On the Friday I decided to leave 2F32, 06:50 Blackpool – Liverpool at Wigan to cover 1J76, 07:16 Southport – Manchester V which was also booked 31 haulage. After watching 413+432 set off I walked over to Wallgate to watch the arrival of a very quiet 427 and gleaming 410. Dragging 413 around all week had obviously taken its toll on 427. The blue machine had decided it had had enough leaving someone else to do all the work for a change. With such a short load this made little difference and 410 kept time without effort. With things now dropping apart again and teamed up with Mr.Lane, a friend of many years’ acquaintance and of riotous disposition it was looking like another quality day was brewing. The clincher was the later report that 413 had been failed on arrival at Lime Street. Had it finally dawned that it had a governor fault?
First on the menu was 31308 with 2N97 to Blackpool. The infrastructure sector seemed to be bailing out Regional Railways as usual. The hellfire 31411 had replaced 413+432 at Liverpool and so it was that she was heading 2F32 when we returned to the station. Shortly after departure it was clear that she too was not feeling too good either. One exhaust blasted thick acrid black smoke skywards, which at speed seemed to blow straight through our open compartment window. I’d be damned if we’d shut it though as she sounded superb! With 411 looking like another casualty waiting to happen we once again set off from Lime Street for Victoria to take a look at 1N97.
The scene at Victoria was as bizarre as it would get over those weeks. At the head of the Southport commuter was a lonesome 31308 and leading 1N97; 31270 and 238! Despite all three machines being of the infrastructure RCJC pool, 270 looked fantastic in Railfreight Coal livery with a set of mini snowploughs. Naturally I selected the pair after taking a photo of the two ‘NB’ headed trains side by side. By Preston spots of oil had begun to appear on our window. At first they had been hard to see through all the other filth but they gradually became larger indicating all was not well. So at Blackpool, as we left the train and walked past our machines it was a disappointment to see thick black oil running in a constant stream from the roof of 270. Another failure! With 270 soon dumped in the carriage sidings we headed back to Liverpool with 238 on 2F38. By diagram the locos off of this train would work the ‘night-club’ so it was a shame we had lost our pair. This didn’t dampen spirits on 2N88 that night though. The party was soon in full swing with a best-remembered rant about unions from one of our number.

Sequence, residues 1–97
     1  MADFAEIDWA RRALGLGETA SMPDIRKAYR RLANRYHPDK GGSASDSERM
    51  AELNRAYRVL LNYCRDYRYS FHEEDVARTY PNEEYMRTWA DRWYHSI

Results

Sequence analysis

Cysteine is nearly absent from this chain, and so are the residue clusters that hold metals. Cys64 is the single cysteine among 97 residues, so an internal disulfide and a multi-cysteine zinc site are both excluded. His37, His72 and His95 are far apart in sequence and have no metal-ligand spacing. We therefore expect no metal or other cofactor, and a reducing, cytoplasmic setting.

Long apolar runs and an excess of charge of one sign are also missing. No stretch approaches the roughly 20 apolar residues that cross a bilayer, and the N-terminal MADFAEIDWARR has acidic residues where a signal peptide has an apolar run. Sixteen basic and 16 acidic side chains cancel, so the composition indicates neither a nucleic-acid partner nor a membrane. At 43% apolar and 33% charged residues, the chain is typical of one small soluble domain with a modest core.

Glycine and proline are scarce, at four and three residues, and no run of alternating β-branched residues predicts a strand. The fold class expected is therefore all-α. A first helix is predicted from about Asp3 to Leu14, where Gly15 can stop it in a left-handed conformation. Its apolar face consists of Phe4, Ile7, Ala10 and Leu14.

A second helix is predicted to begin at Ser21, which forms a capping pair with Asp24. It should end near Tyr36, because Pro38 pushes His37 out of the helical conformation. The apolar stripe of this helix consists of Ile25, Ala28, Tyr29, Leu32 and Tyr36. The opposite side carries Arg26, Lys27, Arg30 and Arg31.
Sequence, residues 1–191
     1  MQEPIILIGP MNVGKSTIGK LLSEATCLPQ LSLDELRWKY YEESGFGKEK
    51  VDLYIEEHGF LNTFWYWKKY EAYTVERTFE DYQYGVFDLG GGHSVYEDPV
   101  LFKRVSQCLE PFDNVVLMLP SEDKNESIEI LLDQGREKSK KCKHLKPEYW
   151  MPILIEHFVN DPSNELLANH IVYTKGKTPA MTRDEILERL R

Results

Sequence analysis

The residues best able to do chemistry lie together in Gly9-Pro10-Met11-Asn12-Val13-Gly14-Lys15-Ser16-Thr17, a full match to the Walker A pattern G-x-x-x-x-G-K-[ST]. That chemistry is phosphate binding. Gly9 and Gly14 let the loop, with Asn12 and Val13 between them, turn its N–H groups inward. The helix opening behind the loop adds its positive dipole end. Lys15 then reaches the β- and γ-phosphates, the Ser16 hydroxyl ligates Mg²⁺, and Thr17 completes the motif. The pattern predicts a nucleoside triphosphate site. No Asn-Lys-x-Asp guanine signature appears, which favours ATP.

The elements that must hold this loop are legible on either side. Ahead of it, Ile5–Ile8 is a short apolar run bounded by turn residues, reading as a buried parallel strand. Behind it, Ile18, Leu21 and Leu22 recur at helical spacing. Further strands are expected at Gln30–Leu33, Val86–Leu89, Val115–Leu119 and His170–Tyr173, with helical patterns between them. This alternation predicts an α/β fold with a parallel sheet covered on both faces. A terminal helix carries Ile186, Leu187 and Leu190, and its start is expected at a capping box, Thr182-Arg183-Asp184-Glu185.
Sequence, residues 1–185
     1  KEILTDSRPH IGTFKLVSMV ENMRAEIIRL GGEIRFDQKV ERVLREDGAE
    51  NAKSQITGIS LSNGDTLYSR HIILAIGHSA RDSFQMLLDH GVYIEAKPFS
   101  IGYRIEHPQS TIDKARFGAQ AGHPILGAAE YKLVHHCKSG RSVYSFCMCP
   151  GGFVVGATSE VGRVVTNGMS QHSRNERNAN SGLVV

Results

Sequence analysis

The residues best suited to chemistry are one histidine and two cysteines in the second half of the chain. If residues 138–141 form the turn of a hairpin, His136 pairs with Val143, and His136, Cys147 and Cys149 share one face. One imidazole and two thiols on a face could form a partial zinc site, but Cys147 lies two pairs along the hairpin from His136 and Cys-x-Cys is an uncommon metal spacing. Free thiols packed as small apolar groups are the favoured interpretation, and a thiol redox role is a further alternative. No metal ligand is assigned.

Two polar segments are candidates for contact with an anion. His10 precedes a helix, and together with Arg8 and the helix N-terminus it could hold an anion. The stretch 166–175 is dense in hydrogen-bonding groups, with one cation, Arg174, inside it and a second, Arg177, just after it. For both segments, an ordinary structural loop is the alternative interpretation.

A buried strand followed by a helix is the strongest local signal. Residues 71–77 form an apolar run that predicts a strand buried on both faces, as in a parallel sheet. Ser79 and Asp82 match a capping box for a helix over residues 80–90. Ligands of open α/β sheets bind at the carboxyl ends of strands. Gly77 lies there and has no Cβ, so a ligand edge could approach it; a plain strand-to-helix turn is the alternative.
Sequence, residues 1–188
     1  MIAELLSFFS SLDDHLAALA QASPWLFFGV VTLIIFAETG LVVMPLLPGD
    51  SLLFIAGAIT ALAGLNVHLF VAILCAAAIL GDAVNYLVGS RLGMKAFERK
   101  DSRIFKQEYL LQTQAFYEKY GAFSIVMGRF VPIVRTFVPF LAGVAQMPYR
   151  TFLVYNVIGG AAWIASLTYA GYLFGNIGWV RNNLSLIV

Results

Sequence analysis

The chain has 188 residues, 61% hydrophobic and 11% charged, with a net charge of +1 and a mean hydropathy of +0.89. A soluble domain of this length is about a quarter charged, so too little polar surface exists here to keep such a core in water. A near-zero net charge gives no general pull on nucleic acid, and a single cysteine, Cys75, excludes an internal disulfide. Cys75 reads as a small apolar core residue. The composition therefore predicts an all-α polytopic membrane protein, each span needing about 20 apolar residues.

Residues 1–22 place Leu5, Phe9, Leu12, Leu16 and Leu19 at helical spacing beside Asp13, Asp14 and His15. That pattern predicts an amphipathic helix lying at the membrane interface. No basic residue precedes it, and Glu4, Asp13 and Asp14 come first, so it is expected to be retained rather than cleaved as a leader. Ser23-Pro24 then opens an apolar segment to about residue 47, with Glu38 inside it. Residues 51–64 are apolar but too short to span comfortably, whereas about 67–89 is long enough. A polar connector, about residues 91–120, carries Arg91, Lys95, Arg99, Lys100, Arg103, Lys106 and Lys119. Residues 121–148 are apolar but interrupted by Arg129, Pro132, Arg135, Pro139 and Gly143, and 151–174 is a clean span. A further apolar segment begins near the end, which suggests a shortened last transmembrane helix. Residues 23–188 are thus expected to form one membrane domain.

‘What have the unions ever done for us?’ was the question loudly posed to an already wound up compartment. After a stunned silence a single voice answered, ‘aqueduct?’, which reduced everyone to tears. At this time 2N88s arrival at Blackpool North was booked late enough to miss the last train back to Preston. So it was that a couple of taxis were hastily commandeered for a panic rush across to the South station for the last train from there. With approximately fifteen minutes between arrival at North and the last departure from South, this regular Friday night move would always get the adrenaline pumping.